The roster also included top scorer Adam Creighton (12 points), Stephane Richer, and Claude Lemieux, and Canada posted five wins and two ties. One highlight was a 5-0 win over the Soviets, where Wendel Clark famously hammered defenceman Mikhail Tatarinov. Czechoslovakia, sparked by all-star forward Michal Pivonka’s nine goals, came second, and the Soviets were third.

This was Canada’s first-ever World Junior gold overseas.

1990: A Miraculous Turn of Events

At this tournament, co-hosted by Helsinki and Turku, Canada started with five straight wins. Coach Guy Charron’s squad rallied from a 3-0 deficit against the Soviets with Pavel Bure, prevailing 6-4.

But when the Canadians lost 5-4 to Sweden, their championship hopes dwindled. To win gold on the last day, Canada needed to defeat Czechoslovakia and have Sweden tie or beat the Soviets.

Robert Reichel, who led the tournament with 21 points, opened the scoring for Czechoslovakia on a Jaromir Jagr set-up. Yet Canada won 2-1 on goals by Mike Craig and Dwayne Norris. Miraculously, the Swedes, who trailed the Soviets 5-3, made it 5-5 with just one second left. The gold was Canada’s.

In his World Junior debut, Eric Lindros became just the second 16-year-old to represent Canada after Gretzky. Canada’s top scorer was Dave Chyzowski (9-4-13), who made the all-star team along with goalie Stephane Fiset.

1998: Finland’s Dream, Canada’s Nightmare

Finnish hockey fans still reminisce fondly about capturing their second World Junior gold on home ice. Niklas Hagman potted the 3-2 winner versus Canada in the Christmas Day opener. That set the tone. Finland went unbeaten, defeating Russia 2-1 in overtime for gold – with Hagman getting the winner again.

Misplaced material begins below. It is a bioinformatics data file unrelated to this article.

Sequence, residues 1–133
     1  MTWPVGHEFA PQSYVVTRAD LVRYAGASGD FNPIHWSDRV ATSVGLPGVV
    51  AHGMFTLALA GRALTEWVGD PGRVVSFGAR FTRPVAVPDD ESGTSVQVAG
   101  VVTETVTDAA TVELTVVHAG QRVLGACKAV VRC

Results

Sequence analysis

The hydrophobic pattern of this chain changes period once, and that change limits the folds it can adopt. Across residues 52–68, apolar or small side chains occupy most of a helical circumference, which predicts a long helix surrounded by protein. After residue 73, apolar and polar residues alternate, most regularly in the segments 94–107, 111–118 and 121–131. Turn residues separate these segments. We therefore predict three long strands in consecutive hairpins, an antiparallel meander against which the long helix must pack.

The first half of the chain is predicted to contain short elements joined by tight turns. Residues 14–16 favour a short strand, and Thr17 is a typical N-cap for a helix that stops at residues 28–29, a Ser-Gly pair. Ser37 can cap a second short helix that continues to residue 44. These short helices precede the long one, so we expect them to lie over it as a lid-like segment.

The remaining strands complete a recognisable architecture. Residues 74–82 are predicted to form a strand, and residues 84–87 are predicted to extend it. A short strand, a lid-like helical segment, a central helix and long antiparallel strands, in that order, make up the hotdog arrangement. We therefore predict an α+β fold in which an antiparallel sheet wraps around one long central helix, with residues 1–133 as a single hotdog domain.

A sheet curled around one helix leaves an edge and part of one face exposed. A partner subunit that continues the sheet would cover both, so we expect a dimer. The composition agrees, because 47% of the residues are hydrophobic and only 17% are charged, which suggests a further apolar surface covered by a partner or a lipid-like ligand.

Canada’s tournament was memorable for all the wrong reasons. Maxim Afinogenov’s OT marker gave Russia a 2-1 quarter-final win over coach Real Paiement’s team. The Canadians then played placement games, losing 3-0 to the U.S. and 6-3 to lowly Kazakhstan. Eighth place was Canada’s worst finish ever. Still, players like Vincent Lecavalier and Roberto Luongo would have strong NHL careers.

The surprising Swiss, backstopped by goalie David Aebischer, claimed the bronze medal. Sando Rizzi potted the winning shootout goal in a 4-3 decision over the Czechs.

2004: The First American Gold

A stellar American squad with tournament MVP Zach Parise and Ryan Kesler defeated Canada 4-3 in the 2004 final in Helsinki, giving the U.S. its first World Junior gold ever. The winning goal was unforgettably flukey. Canadian netminder Marc-Andre Fleury unfortunately put a clearing attempt off teammate Braydon Coburn and into his own net. It was credited to Patrick O’Sullivan.

Canadian captain Dan Paille wouldn’t blame Fleury afterwards: “It wasn’t his fault. It was just a bad bounce.”

Thirteen Canadians on the invincible 2005 team that took gold in Grand Forks, North Dakota also played in Helsinki, such as Sidney Crosby and Ryan Getzlaf.

The hard-working Finns grabbed bronze, edging the Czechs 2-1.

A modified version of this story originally appeared in the official program of the 2015 IIHF World Junior Championship.


Back to Overview